The strengths of private lending are speed to getting a deal in place, and the ability to leverage property equity on an unfinished piece of work.
So while lower cost forms of conventional mortgage lending may be preferred in most cases, there are times when a bank or institutional lender are just not going to be a good fit in moving your project forward.
For instance, lets start at the very beginning when the land is being acquired. Private mortgages can be ideally suited for bare land financing, especially on property that requires considerable work before a subdivision project can be completed. Many times, conventional lenders will not fund bare land depending on location, zoning, etc.
Private mortgages can also be great forms of bridge financing during the development when the project needs to get more work completed and hit certain milestones before a conventional lender is prepared to provide funds for site development or vertical construction.
Its not uncommon for a subdivision development to run out of money between the time of property purchase and plan approval. At the plan approval stage, the property can typically be re-appraised to reflect the change in value associated with the approvals in place for the subdivision to move forward. But until approvals are in place, appraisers may not be able to increase the value of property beyond the purchase price, especially if the property purchase was recent.
Private lenders who lend on construction and site development for subdivision have the ability to review the work done in the planning process to date, where draft plan approval has not yet been reached, and get a level of comfort to provide additional mortgage financing against the property that can help get it to the plan approval milestone.
This may not result in a private lender assessing a higher appraiser value from the purchase, but it can result in them providing a higher loan to value.
For example, if the land loan for purchase was at 50% loan to value, a 2nd mortgage near the end of the planning process may be able to be done up to a level of 75% loan to value. The additional capital may be crucial to keeping the overall project on track including not only the site planning approvals but the resale marketing as well.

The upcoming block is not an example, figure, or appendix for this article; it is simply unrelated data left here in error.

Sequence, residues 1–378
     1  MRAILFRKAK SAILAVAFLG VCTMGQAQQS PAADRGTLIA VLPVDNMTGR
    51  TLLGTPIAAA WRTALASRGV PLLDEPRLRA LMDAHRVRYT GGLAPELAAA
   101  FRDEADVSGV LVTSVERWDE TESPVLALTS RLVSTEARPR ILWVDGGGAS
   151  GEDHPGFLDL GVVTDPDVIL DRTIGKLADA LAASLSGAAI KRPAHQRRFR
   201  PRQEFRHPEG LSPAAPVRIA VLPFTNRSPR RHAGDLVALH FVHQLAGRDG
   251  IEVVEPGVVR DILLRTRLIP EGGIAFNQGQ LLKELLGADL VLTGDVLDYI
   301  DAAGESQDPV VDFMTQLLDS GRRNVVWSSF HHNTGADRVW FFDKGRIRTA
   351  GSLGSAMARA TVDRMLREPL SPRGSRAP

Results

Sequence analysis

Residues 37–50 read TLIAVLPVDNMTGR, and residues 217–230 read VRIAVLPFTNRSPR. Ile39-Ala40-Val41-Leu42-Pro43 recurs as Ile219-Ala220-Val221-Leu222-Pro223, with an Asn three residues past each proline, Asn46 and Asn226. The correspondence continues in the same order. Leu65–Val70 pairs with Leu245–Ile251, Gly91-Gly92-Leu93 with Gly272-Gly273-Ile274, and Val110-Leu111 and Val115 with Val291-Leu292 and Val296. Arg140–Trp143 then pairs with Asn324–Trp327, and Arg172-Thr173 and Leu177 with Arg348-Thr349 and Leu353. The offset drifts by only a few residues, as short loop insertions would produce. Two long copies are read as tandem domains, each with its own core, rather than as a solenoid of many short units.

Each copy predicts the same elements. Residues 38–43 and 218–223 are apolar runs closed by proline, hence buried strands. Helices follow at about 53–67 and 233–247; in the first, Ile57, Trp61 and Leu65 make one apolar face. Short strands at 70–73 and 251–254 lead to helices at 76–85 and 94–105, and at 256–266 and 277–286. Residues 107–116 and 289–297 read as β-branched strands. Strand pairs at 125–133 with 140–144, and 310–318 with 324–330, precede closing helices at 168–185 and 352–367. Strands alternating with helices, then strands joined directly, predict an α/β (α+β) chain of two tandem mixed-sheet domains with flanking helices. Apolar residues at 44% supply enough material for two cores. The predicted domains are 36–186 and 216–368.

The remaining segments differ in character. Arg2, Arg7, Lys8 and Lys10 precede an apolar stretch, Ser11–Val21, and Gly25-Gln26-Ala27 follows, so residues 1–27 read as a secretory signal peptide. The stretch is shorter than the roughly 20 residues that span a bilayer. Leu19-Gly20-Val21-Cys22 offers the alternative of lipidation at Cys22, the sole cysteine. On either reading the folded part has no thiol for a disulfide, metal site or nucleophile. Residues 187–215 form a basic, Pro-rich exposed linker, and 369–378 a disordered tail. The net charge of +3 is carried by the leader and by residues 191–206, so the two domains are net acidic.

Private money being put into place in a timely fashion not only helps pay the bills as they come due, but also provides the developer with the time necessary to complete the milestones a conventional lender may require be met before a mortgage refinancing of the overall project can take place.
Bridge loans can also be accessed at other stages of the project when cash flow cannot quite get the work completed for the next financing milestone, or to step in and replace a conventional subdivision development financing application that is in excessive delay in processing.
Whether as a primary or secondary option, private construction mortgages can be an excellent source of subdivision development financing.
It’s not uncommon for a developer to come to us looking for a condo development bridge loan for their residential property and not be able to qualify with a conventional financing program due to the level of sales or pre-sales that have been made to date.
Most bank or institutional lenders will require unit sales of anywhere from 70% to 80% of total available condo units before they are going to be prepared to finance a condo development project.
In many cases, the client falls short of this mark at the point where more capital is required to keep the project moving forward resulting in key crossroad for the developer.
If more funds cannot be secured by the condo project, everything can start to unravel with pre-sales actually going the other way if too much time with no progress taking place.
And while getting another investor could be a workable strategy, its not always easy to locate someone prepared to invest money right now that is comfortable with the project and where its at. Plus being in a position of requiring capital is a bad negotiating position which could see the developer giving away a good chunk of his profit.
So a potential solution to this challenge is to get a construction bridge loan in place to provide incremental funds for the project, keep the work moving forward, and provide time to get the pre sales to a level where the preferred condo construction and development loan can be secured.
This strategy can work if there is equity in the property that can be leveraged to secure an additional loan. Its not uncommon that a development property will appreciate after purchase once the planning has been approved and some of the site work completed. Even in situations where there is a first mortgage in place, a bridge loan can be secured in a second mortgage position. This will be at a slightly higher rate than a first position bridge loan, but compared to the costs associated with the project slowing down or stalling, the incremental cost is going to be extremely minimal in most cases.
Plus, remember that this is a bridge loan and will only be in place for the time it takes to qualify for a larger condo construction development mortgage which will occur when pre sales get to the right level.